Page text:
Western Cape Business News

Send  Share  RSS  Twitter  10 Aug 2010

BUILDING: Building Sector Agreement


Recent Western Cape Business News

A critical Collective Agreement aimed at ensuring stability in the Cape building industry over the next three years, has been secured by key associations and unions. The Agreement, which governs the industry as a whole, is effective as from 1 November 2010, when the present agreement expires, ensuring a seamless transition.

The Agreement covers the critical elements of minimum wage and benefits, clauses that have wide ranging effects on the industry as a whole. Annual bonuses have increased from 12 to 15 days per annum, whilst the minimum prescribed wages, benefits and levies will increase by 8% as a cost to company compared to 9% increase for 2010.

Whilst the agreement governs minimum wages pertaining to workers in both the Cape Peninsula and Boland Areas, geographic zones are not equal. “Historically there has been a significant disparity in the various areas within the Peninsula, Boland and Malmesbury,” said Henry Strydom, Secretary for Building Industry Bargaining Council (Cape of Good Hope). Wages vary depending on the geographic location of the site, but parity has been addressed and is being accelerated. “We are pleased that the new agreement has taken a positive step in hastening equality within the areas,” added Strydom. These areas include Paarl, Wellington, Somerset West, Strand, Stellenbosch, Darling and Malmesbury. The agreement also includes other conditions of employment such as contributions to the retirement, medical aid and sick payment funds, hours of work, overtime payment, public holidays and bonuses.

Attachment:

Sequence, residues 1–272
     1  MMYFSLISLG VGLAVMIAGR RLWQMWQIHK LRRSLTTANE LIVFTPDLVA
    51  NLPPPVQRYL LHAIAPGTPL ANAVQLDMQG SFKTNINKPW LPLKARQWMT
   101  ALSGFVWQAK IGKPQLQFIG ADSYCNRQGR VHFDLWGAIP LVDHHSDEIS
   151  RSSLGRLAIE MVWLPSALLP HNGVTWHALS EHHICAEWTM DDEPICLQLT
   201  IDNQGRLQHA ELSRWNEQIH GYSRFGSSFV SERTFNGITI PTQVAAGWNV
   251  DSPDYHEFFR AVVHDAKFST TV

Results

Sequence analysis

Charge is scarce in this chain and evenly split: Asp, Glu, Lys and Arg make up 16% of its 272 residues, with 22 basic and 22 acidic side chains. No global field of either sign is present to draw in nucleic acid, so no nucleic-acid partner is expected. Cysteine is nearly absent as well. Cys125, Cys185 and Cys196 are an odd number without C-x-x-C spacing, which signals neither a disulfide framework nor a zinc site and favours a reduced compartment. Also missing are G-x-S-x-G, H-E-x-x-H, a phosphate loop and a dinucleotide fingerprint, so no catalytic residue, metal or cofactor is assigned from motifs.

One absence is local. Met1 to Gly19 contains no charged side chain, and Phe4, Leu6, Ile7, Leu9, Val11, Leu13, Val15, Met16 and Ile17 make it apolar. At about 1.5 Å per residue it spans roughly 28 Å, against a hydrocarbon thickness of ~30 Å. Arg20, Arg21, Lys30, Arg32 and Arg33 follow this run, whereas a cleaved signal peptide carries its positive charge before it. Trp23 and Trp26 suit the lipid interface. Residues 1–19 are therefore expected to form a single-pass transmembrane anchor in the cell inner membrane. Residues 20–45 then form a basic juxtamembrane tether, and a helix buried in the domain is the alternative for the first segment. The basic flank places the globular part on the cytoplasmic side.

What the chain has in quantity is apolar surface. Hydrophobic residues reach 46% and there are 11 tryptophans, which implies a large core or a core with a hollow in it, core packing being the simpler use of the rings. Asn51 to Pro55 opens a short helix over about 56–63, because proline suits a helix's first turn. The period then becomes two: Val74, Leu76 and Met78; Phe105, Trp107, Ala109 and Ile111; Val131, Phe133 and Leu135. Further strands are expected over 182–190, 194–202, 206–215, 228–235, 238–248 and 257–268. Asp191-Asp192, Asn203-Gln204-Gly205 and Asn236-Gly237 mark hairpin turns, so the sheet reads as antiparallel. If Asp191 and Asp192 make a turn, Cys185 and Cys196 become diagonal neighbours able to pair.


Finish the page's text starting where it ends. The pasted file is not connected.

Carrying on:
Employers and employees in the Peninsula and Boland areas are represented by the Master Builders’ and Allied Trades Association Western Cape; Boland Master Builders’ and Allied Trades Association; Building Workers’ Union; Building, Wood and Allied Workers’ Union of South Africa; National Union of Mineworkers and the Building Construction and Allied Workers’ Union.

Negotiations have once again been amicable and swift, which Strydom believes is due to both the union and employer parties being properly representative of the whole industry in the Bargaining Council’s area of jurisdiction.

The Department of Labour has issued the Bargaining Council with a Certificate of Representativeness, which, in turn, means that the Minister of Labour has no alternative but to extend the provisions of the Collective Agreement to all persons, employers and workers, engaged in the building industry. In cases where an industry does not have a Certificate of Representativeness, such industries have to rely on the Minister of Labour’s discretion as to whether the Collective Agreement is to be extended to so-called non-parties, which include employers and employees who are not members of the parties represented.


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